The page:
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Intel Core M Compute Stick beats out old discrete GPUs, desktop CPUs in first tests

The big selling point of Intel’s Compute Stick is how compact a system it is. With a micro-USB cable and a compatible plug, you can have a fully functioning PC in your pocket whenever you need it. But it turns out the new Core M version of that micro-system is quite a powerhouse too, even beating out some desktop chips and discrete GPUs from a few years ago in recent testing.

The Core M Compute Stick being tested in this instance featured a Core M3-6Y30 CPU running at a base block of just 0.9GHz, though it can turbo up to 1.5GHz as and when required. This is paired with 4GB of RAM and 64GB of on-board storage, and utilizes the on-board HD Graphics 515 core for 2D and 3D rendering.

While none of that sounds hugely impressive, consider the fact that it’s all packed inside a USB stick. Pair that up with the performance numbers as we now know them, and it’s even more surprising.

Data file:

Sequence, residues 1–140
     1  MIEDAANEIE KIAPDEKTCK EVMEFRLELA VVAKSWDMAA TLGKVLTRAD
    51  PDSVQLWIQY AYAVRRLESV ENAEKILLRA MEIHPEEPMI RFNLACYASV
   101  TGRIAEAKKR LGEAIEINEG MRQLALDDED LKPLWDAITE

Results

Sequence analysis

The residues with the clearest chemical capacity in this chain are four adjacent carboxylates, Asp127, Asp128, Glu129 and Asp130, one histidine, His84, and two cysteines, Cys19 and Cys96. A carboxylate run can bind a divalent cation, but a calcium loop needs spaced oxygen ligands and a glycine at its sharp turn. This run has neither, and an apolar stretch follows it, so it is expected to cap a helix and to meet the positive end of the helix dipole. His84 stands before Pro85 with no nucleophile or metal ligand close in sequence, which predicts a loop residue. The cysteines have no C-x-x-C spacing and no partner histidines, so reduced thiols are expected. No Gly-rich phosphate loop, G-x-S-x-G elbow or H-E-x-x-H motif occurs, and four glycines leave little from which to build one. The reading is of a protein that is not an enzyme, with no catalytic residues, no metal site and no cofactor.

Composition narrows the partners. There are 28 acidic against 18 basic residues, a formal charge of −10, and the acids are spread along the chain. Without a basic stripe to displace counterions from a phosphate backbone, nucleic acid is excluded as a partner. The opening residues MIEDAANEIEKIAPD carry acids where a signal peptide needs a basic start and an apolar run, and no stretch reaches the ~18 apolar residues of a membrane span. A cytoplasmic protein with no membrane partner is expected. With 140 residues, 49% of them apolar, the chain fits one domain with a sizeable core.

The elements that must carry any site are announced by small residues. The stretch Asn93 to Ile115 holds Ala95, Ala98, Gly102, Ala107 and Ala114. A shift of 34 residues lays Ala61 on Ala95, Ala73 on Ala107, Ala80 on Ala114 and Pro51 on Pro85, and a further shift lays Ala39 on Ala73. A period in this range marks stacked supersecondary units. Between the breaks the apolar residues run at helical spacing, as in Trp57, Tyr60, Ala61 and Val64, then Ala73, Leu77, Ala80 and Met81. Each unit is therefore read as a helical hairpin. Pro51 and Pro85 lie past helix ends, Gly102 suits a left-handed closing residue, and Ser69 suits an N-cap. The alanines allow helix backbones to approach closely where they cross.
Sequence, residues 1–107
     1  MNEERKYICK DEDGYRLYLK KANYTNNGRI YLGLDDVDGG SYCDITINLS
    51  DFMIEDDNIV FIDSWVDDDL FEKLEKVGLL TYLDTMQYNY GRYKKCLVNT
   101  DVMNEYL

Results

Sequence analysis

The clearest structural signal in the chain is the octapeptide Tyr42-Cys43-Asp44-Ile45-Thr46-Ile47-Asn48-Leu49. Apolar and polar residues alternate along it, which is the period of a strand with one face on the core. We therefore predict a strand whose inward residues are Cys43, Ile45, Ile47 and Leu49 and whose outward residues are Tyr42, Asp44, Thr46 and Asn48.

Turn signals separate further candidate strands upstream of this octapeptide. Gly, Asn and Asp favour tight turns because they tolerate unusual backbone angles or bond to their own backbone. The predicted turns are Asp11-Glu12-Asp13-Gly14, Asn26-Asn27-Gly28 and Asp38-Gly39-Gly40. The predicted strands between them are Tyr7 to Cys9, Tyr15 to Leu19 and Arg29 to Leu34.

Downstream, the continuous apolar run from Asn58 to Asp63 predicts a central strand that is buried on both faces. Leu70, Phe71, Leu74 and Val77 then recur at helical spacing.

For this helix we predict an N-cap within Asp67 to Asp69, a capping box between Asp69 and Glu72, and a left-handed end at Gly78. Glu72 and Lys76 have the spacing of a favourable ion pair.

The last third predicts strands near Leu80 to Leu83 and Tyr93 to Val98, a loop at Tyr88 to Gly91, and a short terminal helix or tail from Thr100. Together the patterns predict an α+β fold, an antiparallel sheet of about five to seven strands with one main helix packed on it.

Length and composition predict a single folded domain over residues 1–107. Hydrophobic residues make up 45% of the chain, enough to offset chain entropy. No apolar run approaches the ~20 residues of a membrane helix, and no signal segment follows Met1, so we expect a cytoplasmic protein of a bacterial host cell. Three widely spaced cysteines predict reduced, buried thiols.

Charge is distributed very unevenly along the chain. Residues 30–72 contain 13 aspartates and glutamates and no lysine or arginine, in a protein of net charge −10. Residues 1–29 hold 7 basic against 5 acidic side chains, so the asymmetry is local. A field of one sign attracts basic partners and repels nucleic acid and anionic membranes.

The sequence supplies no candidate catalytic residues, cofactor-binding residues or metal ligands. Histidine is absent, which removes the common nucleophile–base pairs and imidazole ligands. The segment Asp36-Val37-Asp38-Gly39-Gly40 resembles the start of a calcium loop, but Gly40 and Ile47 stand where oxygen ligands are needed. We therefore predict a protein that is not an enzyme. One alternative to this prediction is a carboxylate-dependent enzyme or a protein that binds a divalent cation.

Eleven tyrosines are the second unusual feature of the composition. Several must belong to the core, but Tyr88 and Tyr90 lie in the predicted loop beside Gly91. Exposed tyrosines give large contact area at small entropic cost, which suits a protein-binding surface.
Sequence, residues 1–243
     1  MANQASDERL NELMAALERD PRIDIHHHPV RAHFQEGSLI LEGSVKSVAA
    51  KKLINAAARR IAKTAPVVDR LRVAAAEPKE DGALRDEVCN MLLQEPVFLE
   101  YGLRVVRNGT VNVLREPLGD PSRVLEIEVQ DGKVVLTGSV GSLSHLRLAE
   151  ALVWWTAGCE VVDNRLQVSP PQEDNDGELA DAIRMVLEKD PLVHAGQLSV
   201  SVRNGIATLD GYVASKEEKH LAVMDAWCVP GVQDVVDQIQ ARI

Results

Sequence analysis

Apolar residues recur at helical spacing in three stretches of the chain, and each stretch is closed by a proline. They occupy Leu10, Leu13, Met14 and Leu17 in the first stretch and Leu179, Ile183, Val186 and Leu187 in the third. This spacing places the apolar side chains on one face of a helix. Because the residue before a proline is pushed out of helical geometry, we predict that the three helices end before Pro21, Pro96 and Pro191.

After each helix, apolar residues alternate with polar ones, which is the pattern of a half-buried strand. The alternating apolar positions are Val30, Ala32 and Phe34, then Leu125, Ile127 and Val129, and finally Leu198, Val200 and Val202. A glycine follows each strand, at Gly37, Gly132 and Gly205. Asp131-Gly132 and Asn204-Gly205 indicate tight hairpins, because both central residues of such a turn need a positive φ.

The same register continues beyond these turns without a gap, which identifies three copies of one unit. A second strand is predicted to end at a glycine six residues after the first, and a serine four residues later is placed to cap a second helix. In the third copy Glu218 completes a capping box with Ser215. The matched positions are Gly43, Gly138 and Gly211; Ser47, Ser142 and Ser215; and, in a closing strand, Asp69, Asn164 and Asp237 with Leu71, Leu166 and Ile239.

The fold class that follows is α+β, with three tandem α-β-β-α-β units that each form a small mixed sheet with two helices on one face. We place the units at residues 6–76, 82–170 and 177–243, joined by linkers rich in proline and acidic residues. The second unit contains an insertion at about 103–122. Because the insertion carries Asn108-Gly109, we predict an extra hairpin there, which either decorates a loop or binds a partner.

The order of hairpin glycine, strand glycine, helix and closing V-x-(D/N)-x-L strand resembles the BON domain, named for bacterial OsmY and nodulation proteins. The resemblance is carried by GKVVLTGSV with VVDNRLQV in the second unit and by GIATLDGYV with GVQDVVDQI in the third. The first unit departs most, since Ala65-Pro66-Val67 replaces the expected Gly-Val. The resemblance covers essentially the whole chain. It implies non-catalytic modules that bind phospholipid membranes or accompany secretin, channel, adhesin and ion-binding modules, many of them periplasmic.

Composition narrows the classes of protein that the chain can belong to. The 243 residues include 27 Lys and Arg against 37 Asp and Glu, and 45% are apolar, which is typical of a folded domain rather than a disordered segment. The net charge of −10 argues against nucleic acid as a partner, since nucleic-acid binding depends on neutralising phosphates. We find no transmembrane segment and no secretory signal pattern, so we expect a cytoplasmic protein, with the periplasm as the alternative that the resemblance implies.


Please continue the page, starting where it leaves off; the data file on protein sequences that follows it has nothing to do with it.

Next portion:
Related: Ditch the desktop and hit the couch with our favorite stick PCs

In the first of several benchmarks run by Linuxium, Passmark, the Core M Compute Stick holds its own against a Radon HD 5770 in 2D testing, destroys a Core 2 Duo E8400 (running at 3.0Ghz) in the CPU test, dominates a GeForce GT 630 in 3D testing, and isn’t far behind an 8GB set-up in the memory test.

In PC Mark 8, it scored just 10 percent below a gaming laptop from 2013 and achieved some reasonable scores in the easier 3Dmark benchmarks: 41,605 in Ice Storm and 4,213 in CloudGate. Although it must have been a bit of a slideshow, it also managed just shy of 600 points in FireStrike.

Of particular note however is the Octane Score, which saw the Core M Compute Stick perform around 20 percent faster under Ubuntu than it did with a Windows 10 configuration.

While it is unlikely to beat any overclocking records, or be capable of playing the latest AAA games at high resolutions, these results show that the Core M Compute Stick is quite a powerful little system that is far more capable than many likely gave it credit for.

Jon Martindale
Jon Martindale is the Evergreen Coordinator for Computing, overseeing a team of writers addressing all the latest how to…
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